Over thirty years ago, when I was a young (er!) man, I heard a song by Evie Tornquist-Karlsson, who was then just out of her teens herself and one of the seminal artists of contemporary Christian music. The key lyrics in "Mirror" resonate with me through the years:


You're searching for Jesus, looking to find


Hope for tomorrow, and some peace of mind.


Well you can find him in the Bible, in many churches that I know--


But 'til you find him in the mirror, you've got a long way to go.


Jesus challenges us to look into the mirrors of our soul, and not to shrink back from what we see there. If the sight isn't pretty--and it often isn't--so be it. There is no repentance without recognizing ourselves for who we are, and leaving behind, forever and without reaching back, those aspects of ourselves that keep us from becoming more like Him. With that thought in mind, let me look at my reflection, or rather let me consider what Jesus would observe if he regarded me closely.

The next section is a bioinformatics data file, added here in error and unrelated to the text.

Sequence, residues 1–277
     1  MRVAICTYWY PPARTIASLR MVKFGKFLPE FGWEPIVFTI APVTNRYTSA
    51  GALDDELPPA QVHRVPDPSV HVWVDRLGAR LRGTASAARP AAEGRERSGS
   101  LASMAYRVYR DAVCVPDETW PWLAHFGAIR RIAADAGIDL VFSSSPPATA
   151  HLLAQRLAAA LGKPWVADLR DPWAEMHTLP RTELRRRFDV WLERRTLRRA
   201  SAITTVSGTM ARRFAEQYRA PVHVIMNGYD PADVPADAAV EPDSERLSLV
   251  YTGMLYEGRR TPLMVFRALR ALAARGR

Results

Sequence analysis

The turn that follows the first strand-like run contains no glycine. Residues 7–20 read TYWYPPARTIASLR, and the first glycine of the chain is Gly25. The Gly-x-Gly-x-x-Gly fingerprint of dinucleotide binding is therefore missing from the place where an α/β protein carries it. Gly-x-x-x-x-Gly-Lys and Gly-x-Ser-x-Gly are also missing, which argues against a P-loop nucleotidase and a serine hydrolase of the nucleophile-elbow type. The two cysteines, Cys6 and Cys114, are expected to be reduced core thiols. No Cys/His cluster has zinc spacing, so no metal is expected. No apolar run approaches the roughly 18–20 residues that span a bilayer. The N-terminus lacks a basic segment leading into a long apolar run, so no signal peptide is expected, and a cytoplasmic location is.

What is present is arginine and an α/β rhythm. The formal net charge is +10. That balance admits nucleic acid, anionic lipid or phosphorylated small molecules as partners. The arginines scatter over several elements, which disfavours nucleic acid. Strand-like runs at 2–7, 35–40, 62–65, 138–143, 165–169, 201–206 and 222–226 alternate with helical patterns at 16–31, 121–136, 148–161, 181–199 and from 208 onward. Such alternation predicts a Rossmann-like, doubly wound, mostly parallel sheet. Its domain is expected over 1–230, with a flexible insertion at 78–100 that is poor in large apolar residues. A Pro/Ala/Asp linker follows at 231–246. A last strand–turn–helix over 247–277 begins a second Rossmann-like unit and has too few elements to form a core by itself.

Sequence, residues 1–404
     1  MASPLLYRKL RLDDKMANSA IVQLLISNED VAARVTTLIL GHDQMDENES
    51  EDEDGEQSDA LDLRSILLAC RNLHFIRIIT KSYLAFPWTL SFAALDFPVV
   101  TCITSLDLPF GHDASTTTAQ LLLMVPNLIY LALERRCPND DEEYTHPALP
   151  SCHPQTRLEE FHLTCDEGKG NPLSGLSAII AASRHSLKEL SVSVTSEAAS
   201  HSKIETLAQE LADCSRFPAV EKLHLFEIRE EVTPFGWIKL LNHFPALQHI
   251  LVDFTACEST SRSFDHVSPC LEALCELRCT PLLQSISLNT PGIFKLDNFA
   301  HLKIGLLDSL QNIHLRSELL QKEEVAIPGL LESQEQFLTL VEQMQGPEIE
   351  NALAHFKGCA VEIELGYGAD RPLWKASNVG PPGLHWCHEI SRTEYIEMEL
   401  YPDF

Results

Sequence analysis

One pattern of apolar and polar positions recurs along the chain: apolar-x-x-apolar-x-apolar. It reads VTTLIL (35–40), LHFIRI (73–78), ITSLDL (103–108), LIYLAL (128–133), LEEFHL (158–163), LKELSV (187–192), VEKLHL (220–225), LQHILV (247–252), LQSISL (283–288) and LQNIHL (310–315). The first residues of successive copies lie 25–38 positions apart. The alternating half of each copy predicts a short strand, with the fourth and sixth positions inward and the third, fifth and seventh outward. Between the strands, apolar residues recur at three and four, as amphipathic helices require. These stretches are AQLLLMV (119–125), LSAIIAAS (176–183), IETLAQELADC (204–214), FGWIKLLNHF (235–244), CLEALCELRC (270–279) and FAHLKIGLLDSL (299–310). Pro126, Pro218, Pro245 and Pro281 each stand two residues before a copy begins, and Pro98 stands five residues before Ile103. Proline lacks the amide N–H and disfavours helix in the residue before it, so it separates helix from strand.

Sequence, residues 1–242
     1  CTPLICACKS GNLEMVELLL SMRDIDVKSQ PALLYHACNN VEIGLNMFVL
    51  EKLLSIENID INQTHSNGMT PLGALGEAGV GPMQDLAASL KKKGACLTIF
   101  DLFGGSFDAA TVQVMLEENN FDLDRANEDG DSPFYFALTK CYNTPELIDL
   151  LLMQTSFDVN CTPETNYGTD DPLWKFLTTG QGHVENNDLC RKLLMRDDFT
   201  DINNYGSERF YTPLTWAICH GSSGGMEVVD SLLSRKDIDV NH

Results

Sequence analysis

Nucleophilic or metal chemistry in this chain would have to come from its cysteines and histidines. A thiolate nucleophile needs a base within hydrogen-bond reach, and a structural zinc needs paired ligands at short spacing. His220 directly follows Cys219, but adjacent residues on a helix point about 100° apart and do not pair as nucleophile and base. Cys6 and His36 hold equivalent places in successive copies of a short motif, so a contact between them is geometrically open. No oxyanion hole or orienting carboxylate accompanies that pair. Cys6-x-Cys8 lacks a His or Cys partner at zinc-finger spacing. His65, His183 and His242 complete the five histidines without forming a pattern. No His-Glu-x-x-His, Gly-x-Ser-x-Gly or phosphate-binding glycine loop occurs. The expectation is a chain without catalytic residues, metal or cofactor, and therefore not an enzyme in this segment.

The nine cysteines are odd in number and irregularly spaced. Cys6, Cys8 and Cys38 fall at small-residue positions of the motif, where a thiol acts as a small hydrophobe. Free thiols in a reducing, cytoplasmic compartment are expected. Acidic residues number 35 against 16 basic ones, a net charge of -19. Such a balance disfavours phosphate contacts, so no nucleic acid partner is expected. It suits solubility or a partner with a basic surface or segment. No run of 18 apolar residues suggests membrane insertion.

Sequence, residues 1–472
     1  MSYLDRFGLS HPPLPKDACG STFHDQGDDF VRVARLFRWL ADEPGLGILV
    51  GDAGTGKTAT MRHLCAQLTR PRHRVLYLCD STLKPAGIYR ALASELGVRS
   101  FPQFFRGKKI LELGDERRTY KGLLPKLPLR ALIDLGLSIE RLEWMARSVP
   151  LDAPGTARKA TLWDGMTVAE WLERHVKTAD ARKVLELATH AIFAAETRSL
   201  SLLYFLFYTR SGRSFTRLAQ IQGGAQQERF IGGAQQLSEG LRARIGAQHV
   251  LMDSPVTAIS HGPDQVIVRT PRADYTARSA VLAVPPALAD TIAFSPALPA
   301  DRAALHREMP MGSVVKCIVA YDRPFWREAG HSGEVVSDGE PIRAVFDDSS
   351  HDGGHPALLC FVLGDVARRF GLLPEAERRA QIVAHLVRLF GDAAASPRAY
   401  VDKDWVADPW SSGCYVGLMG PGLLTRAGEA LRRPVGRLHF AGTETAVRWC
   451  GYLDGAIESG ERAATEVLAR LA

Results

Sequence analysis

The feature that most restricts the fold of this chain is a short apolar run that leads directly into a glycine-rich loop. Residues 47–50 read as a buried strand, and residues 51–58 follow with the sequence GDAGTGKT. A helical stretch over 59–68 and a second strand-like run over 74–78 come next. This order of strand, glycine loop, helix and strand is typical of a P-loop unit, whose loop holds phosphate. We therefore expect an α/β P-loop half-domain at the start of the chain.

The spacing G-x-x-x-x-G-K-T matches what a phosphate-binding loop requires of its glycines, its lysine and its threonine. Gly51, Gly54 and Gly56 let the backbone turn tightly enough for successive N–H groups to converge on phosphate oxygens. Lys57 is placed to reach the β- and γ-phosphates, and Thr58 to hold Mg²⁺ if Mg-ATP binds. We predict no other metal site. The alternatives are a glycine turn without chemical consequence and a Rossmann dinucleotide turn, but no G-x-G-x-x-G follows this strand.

Could I be the Pharisee? (Reflected, all is fair I see!)


I wear a spotless robe of white


and stand behind the altar's bright gleaming linens,


stand with the priests, and bear the altar gifts of bread and wine.


My hands are Purell-purged and clean.


I say the ancient words: the Lord's body and blood keep you safe and alive forevermore,


to the kneelers at the rail, to the humble and sometimes to the lost and desperate.


But I have never truly known that desperation.


If I give a tithe to the treasury, it is not money I shall ever miss.


If ever I go hungry, it's never from a bare pantry.


I pray for myself first. I pay myself first. I feed myself first.


I shall not go to the heavenly banquet first.


And yet, like tax collectors, I am deeply compromised.


I do a bit of Caesar's dirty work, take a little on the side, and then some.


I am part of this carbon-emitting, credit-chitting economy


Pumping greenhouse gas and bleeding cash


from the children left to pay the bills when I retire.


Will I beat my breast? Will I muddy my face?


Will I square my accounts with all?


Will I know Messiah when he passes by and calls?